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There is more to thinking than propositions

Published online by Cambridge University Press:  23 April 2009

Derek C. Penn
Affiliation:
Department of Psychology, University of California, Los Angeles, Los Angeles, CA 90095dcpenn@ucla.eduhttp://www.cognitiveevolutiongroup.org/cheng@lifesci.ucla.eduhttp://reasoninglab.psych.ucla.edu/holyoak@lifesci.ucla.eduhttp://reasoninglab.psych.ucla.edu/
Patricia W. Cheng
Affiliation:
Department of Psychology, University of California, Los Angeles, Los Angeles, CA 90095dcpenn@ucla.eduhttp://www.cognitiveevolutiongroup.org/cheng@lifesci.ucla.eduhttp://reasoninglab.psych.ucla.edu/holyoak@lifesci.ucla.eduhttp://reasoninglab.psych.ucla.edu/
Keith J. Holyoak
Affiliation:
Department of Psychology, University of California, Los Angeles, Los Angeles, CA 90095dcpenn@ucla.eduhttp://www.cognitiveevolutiongroup.org/cheng@lifesci.ucla.eduhttp://reasoninglab.psych.ucla.edu/holyoak@lifesci.ucla.eduhttp://reasoninglab.psych.ucla.edu/
John E. Hummel
Affiliation:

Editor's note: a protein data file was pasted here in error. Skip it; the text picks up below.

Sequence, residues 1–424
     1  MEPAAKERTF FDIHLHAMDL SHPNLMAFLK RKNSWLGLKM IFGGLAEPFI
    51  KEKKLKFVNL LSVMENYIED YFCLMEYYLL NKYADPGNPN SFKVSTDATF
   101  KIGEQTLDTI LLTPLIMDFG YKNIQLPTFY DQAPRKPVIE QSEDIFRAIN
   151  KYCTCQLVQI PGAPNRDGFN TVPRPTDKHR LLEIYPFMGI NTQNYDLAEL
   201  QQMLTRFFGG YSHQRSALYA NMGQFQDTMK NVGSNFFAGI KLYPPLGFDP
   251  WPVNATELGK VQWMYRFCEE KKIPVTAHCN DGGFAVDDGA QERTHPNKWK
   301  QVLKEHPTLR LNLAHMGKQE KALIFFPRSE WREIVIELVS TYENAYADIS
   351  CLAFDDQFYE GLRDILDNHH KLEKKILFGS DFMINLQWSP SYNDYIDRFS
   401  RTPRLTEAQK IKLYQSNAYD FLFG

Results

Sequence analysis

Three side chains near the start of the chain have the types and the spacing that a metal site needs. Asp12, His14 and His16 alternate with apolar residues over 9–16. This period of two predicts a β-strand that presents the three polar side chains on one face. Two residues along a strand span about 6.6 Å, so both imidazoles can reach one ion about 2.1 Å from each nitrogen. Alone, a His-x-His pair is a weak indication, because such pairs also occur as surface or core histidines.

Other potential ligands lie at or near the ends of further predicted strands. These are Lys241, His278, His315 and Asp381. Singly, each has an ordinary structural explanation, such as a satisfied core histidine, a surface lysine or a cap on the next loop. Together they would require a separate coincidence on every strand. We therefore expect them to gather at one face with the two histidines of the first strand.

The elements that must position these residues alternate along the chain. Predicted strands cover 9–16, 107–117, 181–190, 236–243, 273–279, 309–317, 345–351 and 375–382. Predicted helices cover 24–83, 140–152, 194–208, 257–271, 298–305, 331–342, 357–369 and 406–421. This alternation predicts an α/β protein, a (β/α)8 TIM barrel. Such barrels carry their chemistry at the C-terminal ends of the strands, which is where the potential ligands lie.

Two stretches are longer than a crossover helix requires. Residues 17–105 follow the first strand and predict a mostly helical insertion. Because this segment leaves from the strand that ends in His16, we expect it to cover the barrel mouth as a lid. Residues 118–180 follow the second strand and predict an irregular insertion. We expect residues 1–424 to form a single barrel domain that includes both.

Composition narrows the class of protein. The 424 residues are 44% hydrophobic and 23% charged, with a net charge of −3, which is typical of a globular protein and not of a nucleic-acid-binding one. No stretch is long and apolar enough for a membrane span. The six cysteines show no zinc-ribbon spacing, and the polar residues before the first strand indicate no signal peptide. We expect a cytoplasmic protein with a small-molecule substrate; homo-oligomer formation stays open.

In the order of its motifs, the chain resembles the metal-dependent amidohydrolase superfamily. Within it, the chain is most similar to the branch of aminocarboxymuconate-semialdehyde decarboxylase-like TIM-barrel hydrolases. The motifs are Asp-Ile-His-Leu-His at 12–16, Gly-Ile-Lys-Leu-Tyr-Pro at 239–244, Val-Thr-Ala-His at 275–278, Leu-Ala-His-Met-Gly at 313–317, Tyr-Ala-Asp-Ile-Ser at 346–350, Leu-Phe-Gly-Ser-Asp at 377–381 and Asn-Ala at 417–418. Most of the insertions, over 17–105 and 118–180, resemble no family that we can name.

Department of Psychology, University of Illinois, Champaign, IL 61820jehummel@cyrus.psych.uiuc.eduhttp://www.psych.uiuc.edu/~jehummel/
Daniel J. Povinelli
Affiliation:
Cognitive Evolution Group, University of Louisiana at Lafayette, New Iberia, LA 70560ceg@louisiana.eduhttp://www.cognitiveevolutiongroup.org/

Abstract

We are big fans of propositions. But we are not big fans of the “propositional approach” proposed by Mitchell et al. The authors ignore the critical role played by implicit, non-inferential processes in biological cognition, overestimate the work that propositions alone can do, and gloss over substantial differences in how different kinds of animals and different kinds of cognitive processes approximate propositional representations.

Type
Open Peer Commentary
Copyright
Copyright © Cambridge University Press 2009

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References

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